“Where I’ve seen this is in teaching graphic novels,” Jordan tells me. “There were problems as simple as in what order to read the panels. But what it made really effective was how I reorganized my way of teaching. We would spend a lot of time looking at what is in the structure of the medium. What is it about graphic novels that makes them graphic novels? In that sense it becomes a really powerful class in thinking about differences between mediums and the possible messaging you can do with them.
“I think the same thing has to be done before we even get to videogame texts. That’s the opportunity to create the sort of basic literacy about videogames, so that by the time the student is really playing what they need to, they know how.”
So the answer to my question is … be a better teacher, basically?
Maybe; or maybe the problem is a little more complicated than that. I am, after all, not just a college professor but in fact a part of the 76% of U.S. faculty in American colleges and universities whose positions, according to the American Association of University Professors, fall into the “adjunct” category of professors—the majority of which are (as reported in a 2014 U.S. House of Representatives study) living below the poverty line. For many, the position is simply too tenuous to withstand much eschewing of the status quo, and the status quo at many colleges and universities in America is that you are teaching the cash cow. Videogames, as a form of “literacy,” are simply not high on the menu.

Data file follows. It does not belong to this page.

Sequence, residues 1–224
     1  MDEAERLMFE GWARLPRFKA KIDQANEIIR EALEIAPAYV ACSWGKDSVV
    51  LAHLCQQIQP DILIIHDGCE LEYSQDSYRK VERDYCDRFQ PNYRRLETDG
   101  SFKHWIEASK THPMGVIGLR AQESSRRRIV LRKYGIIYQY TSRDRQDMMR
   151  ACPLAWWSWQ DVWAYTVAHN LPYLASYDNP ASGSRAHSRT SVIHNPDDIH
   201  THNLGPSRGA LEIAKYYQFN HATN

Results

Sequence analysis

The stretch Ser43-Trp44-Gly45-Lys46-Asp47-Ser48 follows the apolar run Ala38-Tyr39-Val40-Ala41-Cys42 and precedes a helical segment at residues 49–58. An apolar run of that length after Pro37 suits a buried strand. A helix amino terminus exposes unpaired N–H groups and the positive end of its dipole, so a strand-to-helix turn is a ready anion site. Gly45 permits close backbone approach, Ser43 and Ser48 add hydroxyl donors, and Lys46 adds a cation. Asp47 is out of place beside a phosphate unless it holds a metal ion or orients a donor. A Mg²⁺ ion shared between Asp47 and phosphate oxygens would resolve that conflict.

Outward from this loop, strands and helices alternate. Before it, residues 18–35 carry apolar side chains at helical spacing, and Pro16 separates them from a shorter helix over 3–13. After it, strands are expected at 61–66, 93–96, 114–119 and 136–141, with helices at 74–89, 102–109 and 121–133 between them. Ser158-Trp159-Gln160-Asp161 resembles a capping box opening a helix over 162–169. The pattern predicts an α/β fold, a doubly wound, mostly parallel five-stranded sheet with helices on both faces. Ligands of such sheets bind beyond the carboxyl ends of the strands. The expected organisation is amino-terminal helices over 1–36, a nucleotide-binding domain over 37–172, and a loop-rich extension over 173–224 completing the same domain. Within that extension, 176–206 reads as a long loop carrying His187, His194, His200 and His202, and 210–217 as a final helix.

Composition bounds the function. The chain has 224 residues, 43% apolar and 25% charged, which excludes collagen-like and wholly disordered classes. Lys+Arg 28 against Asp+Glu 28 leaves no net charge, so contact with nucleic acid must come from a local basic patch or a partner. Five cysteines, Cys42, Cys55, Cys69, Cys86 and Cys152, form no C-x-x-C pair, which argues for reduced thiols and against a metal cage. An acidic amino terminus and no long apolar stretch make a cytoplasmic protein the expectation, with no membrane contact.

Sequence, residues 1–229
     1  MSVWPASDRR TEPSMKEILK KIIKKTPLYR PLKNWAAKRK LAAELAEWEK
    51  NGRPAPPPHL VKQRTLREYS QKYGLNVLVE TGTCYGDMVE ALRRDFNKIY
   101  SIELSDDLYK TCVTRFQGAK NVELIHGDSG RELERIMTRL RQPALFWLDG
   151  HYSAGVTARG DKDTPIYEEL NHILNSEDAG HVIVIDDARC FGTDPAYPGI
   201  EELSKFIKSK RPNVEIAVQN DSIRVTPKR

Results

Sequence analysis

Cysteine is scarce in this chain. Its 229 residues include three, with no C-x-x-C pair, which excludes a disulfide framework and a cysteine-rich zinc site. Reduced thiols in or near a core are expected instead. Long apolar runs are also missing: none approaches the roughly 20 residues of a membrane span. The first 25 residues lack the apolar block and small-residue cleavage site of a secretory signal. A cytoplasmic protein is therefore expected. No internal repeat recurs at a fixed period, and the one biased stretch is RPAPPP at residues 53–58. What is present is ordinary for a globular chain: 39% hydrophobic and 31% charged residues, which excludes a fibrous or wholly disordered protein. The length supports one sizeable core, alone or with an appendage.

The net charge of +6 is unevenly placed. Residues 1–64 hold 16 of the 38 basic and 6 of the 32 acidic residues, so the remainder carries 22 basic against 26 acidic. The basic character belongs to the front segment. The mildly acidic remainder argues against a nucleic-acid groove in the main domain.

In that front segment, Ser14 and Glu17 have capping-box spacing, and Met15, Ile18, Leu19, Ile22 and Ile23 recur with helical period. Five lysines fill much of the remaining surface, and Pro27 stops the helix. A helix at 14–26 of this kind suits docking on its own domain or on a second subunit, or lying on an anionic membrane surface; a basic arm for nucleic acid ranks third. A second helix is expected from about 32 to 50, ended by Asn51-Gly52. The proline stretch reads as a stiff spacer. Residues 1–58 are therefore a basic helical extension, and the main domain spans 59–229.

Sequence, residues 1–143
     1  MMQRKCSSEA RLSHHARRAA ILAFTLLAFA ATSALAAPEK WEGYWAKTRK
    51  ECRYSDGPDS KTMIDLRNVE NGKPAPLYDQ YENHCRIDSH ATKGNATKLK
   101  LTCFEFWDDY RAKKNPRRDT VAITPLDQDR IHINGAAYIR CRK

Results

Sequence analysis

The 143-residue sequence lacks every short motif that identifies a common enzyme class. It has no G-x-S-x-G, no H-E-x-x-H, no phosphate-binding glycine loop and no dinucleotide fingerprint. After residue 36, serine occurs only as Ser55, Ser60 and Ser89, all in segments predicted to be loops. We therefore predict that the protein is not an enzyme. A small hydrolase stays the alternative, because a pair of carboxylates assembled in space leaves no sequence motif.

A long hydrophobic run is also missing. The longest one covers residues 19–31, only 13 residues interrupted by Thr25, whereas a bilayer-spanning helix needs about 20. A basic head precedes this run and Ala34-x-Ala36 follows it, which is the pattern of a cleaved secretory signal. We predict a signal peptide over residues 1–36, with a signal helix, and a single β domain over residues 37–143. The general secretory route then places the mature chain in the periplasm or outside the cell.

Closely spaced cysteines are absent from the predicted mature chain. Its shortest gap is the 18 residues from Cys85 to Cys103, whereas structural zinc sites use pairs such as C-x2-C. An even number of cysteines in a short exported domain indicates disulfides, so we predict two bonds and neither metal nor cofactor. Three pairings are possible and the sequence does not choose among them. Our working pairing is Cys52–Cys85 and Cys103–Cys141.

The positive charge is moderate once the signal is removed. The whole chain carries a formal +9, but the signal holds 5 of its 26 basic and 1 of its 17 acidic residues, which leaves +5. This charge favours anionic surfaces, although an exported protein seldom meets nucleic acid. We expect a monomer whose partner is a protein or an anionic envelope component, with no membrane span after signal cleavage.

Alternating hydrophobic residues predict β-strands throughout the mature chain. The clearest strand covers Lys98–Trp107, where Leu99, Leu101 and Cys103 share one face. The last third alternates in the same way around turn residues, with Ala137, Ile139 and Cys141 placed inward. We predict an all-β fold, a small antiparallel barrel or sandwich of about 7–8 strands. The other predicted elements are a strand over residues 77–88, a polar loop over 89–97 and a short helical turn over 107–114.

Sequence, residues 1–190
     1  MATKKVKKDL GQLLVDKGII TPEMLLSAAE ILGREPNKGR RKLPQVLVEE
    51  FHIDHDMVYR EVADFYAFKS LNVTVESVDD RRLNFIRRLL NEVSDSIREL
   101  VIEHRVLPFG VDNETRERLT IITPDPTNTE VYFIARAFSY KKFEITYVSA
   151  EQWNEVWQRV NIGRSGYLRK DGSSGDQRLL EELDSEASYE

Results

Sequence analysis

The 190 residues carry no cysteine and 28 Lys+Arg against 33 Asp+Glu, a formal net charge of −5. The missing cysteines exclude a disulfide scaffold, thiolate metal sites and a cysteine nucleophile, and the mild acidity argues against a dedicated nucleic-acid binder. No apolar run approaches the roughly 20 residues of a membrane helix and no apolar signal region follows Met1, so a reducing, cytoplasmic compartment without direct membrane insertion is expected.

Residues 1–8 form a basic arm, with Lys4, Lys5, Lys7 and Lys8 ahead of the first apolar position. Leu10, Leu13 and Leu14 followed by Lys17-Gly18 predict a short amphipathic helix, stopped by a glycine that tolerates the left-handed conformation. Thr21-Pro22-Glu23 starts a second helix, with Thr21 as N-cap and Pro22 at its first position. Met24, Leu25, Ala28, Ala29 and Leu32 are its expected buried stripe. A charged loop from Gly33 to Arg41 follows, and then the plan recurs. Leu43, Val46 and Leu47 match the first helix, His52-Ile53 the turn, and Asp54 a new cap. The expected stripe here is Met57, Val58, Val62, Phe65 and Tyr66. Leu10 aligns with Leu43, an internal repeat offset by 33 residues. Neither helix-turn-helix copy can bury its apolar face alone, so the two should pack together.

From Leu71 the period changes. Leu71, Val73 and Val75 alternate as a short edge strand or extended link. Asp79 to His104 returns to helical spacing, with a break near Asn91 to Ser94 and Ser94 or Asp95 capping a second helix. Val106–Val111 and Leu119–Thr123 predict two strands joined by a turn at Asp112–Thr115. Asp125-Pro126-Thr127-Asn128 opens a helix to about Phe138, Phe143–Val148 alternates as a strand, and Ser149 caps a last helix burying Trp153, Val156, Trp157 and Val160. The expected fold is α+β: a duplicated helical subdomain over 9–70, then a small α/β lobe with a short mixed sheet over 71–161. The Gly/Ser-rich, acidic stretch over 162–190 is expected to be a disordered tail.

“Colleges today are badly out of kilter with their undergraduates and sorely in need of innovation,” writes James Paul Gee, the Mary Lou Fulton Presidential Professor of Literacy Studies at Arizona State University, in a recent exchange. “My work has always been not about games per se, but about introducing into schools—and out-of-school sites like museums and libraries—the sorts of ways good games teach and create good learning.”